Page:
The retaliatory measures of Canada against Trump’s administration’s new tariffs on Steel and aluminum have been effected. As the country celebrated its national holiday on Sunday, Canada imposed a 25 percent levy on asserted metal products from the US.
Additionally, 10 percent tariffs have been imposed on more than 250 other US goods which include whiskey, orange juice and beer kegs. The tensions between Canada and the US are high in the midst of metal levies and the North American Free Trade Agreement talks.
The tit-for-tat levies are estimated to amount to (£9.5bn) which is a representation of the 2017 value of metal exports from Canada affected by the US measures. Top Canadian officials argue that the list is meant to pile political pressure on the US and compel it to notice the effects of the levies on trade.
The officials have also termed the steel and aluminum levies imposed against Canada, Mexico and the European Union illegal and unjustified. The levies were imposed about a month ago by President Trump’s administration.
Earlier on Friday, Canada announced that it would avail C$2bn to protect the steel and aluminum industry and will also include finances to support the affected businesses. While announcing the funds, Foreign Minister Chrystia Freeland, asserted that, that was the Canadian approach and they would not back down.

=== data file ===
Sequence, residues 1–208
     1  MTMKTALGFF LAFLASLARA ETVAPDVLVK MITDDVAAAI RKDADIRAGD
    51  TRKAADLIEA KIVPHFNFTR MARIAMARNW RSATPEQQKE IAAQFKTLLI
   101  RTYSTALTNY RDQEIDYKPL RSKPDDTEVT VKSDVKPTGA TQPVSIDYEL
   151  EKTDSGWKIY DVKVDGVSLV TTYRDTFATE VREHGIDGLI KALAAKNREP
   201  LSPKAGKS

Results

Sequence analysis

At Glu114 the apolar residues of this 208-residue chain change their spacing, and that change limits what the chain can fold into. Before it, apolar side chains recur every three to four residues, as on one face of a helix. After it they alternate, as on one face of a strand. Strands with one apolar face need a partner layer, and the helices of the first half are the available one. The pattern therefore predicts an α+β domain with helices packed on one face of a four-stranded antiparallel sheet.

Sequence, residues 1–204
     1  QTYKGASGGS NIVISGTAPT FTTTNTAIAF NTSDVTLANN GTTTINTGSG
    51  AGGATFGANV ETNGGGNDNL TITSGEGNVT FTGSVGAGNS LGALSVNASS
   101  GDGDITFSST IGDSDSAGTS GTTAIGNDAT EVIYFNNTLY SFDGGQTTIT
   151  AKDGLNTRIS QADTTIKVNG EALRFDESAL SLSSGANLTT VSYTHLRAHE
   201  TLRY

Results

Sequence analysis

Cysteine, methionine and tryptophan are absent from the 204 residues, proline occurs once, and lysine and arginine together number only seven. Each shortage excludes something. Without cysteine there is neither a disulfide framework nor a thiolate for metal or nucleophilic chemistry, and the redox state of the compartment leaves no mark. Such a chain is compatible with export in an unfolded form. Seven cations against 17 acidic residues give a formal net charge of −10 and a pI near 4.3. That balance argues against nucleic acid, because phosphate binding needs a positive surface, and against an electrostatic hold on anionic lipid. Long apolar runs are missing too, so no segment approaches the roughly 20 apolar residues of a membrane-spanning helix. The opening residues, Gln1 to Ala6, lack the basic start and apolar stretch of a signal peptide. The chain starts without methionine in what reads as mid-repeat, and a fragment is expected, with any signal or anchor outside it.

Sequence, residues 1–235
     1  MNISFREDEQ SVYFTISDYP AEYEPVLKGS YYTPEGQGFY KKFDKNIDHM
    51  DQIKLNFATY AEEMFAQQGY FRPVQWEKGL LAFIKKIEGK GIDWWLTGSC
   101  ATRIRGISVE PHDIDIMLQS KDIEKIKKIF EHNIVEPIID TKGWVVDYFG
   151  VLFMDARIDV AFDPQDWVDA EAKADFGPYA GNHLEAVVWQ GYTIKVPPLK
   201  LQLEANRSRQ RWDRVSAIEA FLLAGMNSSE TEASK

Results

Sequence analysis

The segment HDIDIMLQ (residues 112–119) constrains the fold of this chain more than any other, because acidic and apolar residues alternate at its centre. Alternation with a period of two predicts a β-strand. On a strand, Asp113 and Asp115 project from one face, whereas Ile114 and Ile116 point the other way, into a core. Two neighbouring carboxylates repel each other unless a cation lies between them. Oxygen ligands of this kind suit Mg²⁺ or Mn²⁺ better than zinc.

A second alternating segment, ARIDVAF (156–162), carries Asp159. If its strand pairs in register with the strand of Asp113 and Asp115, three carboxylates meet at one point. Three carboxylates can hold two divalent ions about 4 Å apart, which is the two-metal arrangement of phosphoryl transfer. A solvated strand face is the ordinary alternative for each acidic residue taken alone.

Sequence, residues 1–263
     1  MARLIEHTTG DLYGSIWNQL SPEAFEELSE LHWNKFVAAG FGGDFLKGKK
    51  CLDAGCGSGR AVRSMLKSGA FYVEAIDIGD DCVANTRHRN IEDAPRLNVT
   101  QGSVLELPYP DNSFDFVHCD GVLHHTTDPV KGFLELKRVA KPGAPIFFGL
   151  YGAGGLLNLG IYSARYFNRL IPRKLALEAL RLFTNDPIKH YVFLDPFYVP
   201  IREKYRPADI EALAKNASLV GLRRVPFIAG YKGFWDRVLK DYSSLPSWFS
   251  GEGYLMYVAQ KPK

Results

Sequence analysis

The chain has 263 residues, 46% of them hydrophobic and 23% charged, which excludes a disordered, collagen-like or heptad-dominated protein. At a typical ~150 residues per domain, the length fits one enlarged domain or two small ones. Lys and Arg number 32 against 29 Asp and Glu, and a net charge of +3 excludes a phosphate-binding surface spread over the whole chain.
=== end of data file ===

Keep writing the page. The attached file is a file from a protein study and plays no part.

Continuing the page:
The European Union and Mexico have already imposed their retaliatory tariffs on US goods. As such, the EU’s levies on £2.4bn ($3.1bn) of American goods such as motorcycles, orange and bourbon whiskey were effected on June 22. Mexico has also imposed tariffs on American products worth on $3bn and include steel, bourbon and blueberries.
Trump’s administration tariffs have not only elicited international outrage but also prompted complaints against the United States to the World Trade Organization (WTO) and the North American Free Trade (Nafta) dispute panels.
Canada and US relations appear to be already strained following this month’s attacks by President Donald Trump against the Canadian Prime Minister, Justin Trudeau. The Canadian PM had declared that his country would not accept to be pushed around on trade matters by the Americans.
Mr. Trump ordered a national security probe in May to establish whether vehicle imports were a threat to national security to warrant the imposition of tariffs on autos and auto parts. Earlier in the week, Robert Lighthizer, a US Trade Representative, criticized the counter-tariffs imposed by other countries and the EU against the US. He says that the countermeasures are a reflection of the hypocrisy that governs the global trading system.